As the Kearney/Foreign Policy study suggests, our understanding of the noneconomic aspects of the global Internet is far less clear than our understanding of the economic aspects. Although the authors of the Kearney/Foreign Policy study argue that a significant aspect of globalization is the spread of culture and ideas, information flow does not necessarily equate to openness, tolerance, and adaptability to change. To deal with these latter issues, I examine what I term cultural-economic flexibility (CEF), the extent to which a nation carries out sustained, significant, voluntary individual and group activities without extensive political control. Simply put, a flexible society requires strong underlying civil and private-property rights.
Creating an index at a nation-state level clearly does not do justice to the richness of what might be going on culturally within any nation and across national boundaries, but it can suggest the extent to which governments permit citizens to have access to "foreign" ideas and cultures. For this purpose, a simple CEF measure can be devised and compared to the Kearney/Foreign Policy globalization measure for the same fifty nations.
To construct the CEF Index, I combined with equal weight two commonly reported measures of personal freedom evaluated at the nation-state level: the Index of Economic Freedom (O'Driscoll, Homes, and Kirkpatrick 2001), reported annually by the Wall Street Journal and the Heritage Foundation; and Freedom House's 1999 index of civil liberties, also reported annually, by nation.
Organizations with different philosophical perspectives on freedom designed these measures; their methods are described in more detail in the organizations' reports. Both appropriately call for judgments about the effectiveness with which institutions are functioning to support aspects of voluntary economic and social exchange and the extent to which individuals and private associations can seek alternatives. Thus, any nation can trumpet that it abides by a rule of law and protects human rights, but the extent to which the nation has demonstrated that it has acted to achieve those goals is what counts. For example, evidence of an independent judiciary, civilian control of police, and secure private-property rights can help us understand the degree to which a nation does what it professes to do. The two indexes combined provide a rough sense of actual national openness, both to economic and to social intercourse.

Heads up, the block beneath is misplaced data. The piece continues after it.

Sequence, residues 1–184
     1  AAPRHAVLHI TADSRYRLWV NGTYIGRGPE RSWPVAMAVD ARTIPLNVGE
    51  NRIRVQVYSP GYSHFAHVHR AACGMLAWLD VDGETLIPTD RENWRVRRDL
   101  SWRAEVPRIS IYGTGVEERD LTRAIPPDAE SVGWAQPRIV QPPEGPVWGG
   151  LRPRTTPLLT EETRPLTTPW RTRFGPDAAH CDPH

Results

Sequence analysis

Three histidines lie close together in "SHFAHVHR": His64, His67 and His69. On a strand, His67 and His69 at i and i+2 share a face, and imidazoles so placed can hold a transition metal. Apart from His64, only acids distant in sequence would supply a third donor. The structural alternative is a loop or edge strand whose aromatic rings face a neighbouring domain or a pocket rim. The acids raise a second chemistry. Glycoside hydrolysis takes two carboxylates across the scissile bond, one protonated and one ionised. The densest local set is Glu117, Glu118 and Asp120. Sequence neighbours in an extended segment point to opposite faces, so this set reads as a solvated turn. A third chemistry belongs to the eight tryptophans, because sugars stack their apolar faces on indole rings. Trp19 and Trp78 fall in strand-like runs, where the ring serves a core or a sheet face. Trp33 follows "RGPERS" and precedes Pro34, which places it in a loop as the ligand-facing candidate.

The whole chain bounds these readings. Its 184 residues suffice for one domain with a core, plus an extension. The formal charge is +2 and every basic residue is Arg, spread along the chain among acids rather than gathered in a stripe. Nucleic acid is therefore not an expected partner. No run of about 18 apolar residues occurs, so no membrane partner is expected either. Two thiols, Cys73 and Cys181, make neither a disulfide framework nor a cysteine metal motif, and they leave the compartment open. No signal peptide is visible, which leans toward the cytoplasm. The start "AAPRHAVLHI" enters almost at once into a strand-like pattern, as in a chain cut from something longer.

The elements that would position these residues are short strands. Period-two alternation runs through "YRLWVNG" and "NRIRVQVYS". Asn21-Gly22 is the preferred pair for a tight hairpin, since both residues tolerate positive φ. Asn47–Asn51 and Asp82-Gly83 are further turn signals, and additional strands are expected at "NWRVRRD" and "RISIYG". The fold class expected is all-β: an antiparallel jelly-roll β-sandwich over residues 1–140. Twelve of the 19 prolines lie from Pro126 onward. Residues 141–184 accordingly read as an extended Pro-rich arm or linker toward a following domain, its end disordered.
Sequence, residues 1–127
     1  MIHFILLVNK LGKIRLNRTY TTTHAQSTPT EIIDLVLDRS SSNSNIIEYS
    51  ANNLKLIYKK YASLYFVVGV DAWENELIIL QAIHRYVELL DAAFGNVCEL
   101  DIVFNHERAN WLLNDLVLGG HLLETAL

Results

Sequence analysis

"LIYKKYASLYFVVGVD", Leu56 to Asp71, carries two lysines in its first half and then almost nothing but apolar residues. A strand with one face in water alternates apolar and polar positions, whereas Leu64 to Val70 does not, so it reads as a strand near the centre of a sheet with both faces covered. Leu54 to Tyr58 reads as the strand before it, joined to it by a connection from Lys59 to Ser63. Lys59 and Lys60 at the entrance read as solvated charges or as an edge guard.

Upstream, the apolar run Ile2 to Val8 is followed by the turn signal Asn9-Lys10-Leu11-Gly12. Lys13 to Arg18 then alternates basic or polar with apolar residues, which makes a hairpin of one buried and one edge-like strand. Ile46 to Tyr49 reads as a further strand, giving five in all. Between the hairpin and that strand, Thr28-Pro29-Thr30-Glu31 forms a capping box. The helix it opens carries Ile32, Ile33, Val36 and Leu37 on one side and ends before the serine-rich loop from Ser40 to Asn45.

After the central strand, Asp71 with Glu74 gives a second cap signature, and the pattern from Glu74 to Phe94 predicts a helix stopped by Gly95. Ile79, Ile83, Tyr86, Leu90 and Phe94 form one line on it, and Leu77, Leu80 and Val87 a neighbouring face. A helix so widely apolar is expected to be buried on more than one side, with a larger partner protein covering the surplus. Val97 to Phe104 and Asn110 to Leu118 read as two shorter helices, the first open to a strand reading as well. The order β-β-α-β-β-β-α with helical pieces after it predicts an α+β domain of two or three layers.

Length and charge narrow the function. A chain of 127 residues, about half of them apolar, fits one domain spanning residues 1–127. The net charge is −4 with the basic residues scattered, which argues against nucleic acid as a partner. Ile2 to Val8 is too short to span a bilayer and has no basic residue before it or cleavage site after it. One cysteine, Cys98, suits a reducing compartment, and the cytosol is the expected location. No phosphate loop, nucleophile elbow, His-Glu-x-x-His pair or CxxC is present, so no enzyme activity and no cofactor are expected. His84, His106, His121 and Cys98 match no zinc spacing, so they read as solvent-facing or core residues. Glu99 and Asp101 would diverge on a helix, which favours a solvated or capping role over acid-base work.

CEF and Globalization
As noted earlier, people often presume that CEF is an integral aspect of globalization. However, government-regulated global Internet communication can expand in a way that reduces private speech to a mere shadow of itself. Because much trade in goods, services, and ideas proceeds on the basis of personal trust among individuals, the CEF Index might be viewed as measuring a necessary condition for building the trust on which many (open) global relationships hinge.
As a starting point, let us accept that CEF (openness) need not be part of globalization, at least as the Kearney/Foreign Policy index has defined it. It is informative to set the two indexes side by side and to examine the rankings, as in table 3. Note, for example, that New Zealand ranks first on the CEF Index but only twenty-first on the Globalization Index. The United States ranks second on CEF but twelfth on globalization. Australia, third on CEF, is twenty-third on globalization. Perhaps the most glaring difference is in the rankings for Singapore, which ranks first on the Kearny/Foreign Policy Globalization Index yet only thirty-second on the CEF Index.